Kimberly Warren believes women are collaborators at heart. As 2013 co-chairs of The Baltimore Women’s Giving Circle (BWGC), she and Gail Shawe have seen this firsthand. Founded by Shelley Goldseker and Pam Corckran in 2001, BWGC started with funding from the Baltimore Community Foundation (BCF) and 52 women.
The Giving Circle remains a fund of the BCF, but today, said former steering committee member Elaine Freeman, “the group has more than 400 members who pay $1,000 a year into a grant pool. Then, they spend months considering how best to spend the money to improve the lives of less fortunate women in Baltimore City and County.”
This year, Freeman said, $410,000 went to 23 local nonprofits, bringing the total given by the Circle since its founding to $3.1 million to 134 organizations.
“Most of the Circle’s work is done in committees,” said Shawe. “A real plus is that women meet others from different parts of the city whom they might not have met otherwise.”
Giving Circle members also learn a great deal about Baltimore City and County, both areas served by BWGC grants. As part of the grant-making process, committee members make site visits to various nonprofit organizations to see them in action.
“It is eye opening to see the need [for funding], but also to see how much the people who work in these nonprofits — the people in the trenches — are doing to better the lives of others,” Shawe said.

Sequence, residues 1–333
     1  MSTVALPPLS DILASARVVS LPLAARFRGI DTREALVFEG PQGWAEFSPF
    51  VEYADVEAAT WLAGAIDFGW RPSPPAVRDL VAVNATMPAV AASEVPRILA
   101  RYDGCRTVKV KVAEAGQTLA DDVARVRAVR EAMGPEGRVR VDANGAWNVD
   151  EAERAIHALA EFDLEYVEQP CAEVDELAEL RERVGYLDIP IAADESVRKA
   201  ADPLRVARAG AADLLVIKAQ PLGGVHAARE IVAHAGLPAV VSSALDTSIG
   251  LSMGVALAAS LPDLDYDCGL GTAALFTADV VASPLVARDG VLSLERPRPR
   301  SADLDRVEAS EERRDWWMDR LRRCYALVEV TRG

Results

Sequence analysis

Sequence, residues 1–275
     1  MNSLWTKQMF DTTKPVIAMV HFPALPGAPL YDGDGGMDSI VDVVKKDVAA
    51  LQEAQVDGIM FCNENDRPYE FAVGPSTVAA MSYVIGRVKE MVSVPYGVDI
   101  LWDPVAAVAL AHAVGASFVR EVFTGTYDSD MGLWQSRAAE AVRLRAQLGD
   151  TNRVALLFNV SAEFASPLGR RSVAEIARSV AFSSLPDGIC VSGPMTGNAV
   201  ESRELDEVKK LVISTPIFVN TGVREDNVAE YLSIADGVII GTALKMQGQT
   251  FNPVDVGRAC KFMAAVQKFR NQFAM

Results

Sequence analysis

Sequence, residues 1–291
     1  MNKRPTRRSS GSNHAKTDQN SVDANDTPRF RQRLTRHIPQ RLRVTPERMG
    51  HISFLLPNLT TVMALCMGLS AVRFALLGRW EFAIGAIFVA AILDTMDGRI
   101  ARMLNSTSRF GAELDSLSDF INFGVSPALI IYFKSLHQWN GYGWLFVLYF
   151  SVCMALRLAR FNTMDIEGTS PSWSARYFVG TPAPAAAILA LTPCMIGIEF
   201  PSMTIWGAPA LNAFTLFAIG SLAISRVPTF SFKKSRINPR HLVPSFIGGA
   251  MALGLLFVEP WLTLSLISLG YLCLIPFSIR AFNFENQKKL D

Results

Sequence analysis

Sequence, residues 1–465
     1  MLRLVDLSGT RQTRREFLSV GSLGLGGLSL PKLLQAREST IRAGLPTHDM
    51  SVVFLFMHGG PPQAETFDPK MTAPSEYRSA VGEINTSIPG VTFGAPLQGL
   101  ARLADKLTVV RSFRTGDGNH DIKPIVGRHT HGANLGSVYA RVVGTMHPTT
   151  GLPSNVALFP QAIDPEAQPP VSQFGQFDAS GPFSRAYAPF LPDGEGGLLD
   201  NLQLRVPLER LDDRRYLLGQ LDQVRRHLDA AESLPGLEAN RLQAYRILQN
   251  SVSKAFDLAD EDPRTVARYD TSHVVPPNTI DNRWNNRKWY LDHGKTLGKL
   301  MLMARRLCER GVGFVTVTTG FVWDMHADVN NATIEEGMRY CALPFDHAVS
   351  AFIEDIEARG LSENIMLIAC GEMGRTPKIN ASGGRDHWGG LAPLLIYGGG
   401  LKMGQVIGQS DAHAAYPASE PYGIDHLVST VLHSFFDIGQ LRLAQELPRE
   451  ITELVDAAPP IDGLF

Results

Warren said the benefits of being involved in BWGC are broad.
“Everyone [in the Circle] starts out on an equal playing field. If you want to be part of the grant committee, you can do that. If you want to be on the education committee, you can do that, or you can just give us your money to invest. We had over 100 grant-readers out of 417 members this year. That’s great participation,” said Warren.
Shawe noted that membership in BWGC offers opportunities for problem solving, friendship and collegiality with women who share similar goals and values. Although Shawe and Warren are passionate about many of the programs the Circle funds, both are enamored with a program called the Culinary Arts Training Program, which operates under the auspices of Baltimore Outreach Services.
“Connie Crabtree, [a world-class chef and caterer], trains unemployed or underemployed women to become chefs. When we have our education committee lunches, they prepare the food,” explained Shawe.
Another stand-out program for Warren is the Incentive Mentoring Program, which is based on a family model.
“High school students in the worst situations are surrounded with seven or eight people — Johns Hopkins graduate and medical students. In the process of working together, they create a community both for the high school kids and the students,” she said.
This year, said Warren, BWGC also funded a program for people on food stamps that enabled them to shop at farmers’ markets where they can purchase healthy foods.
“We try to step outside the box when we look at programs that have promise,” she said.
To learn more, visit the bwgc.org.
Simone Ellin is JT senior features reporter email@example.com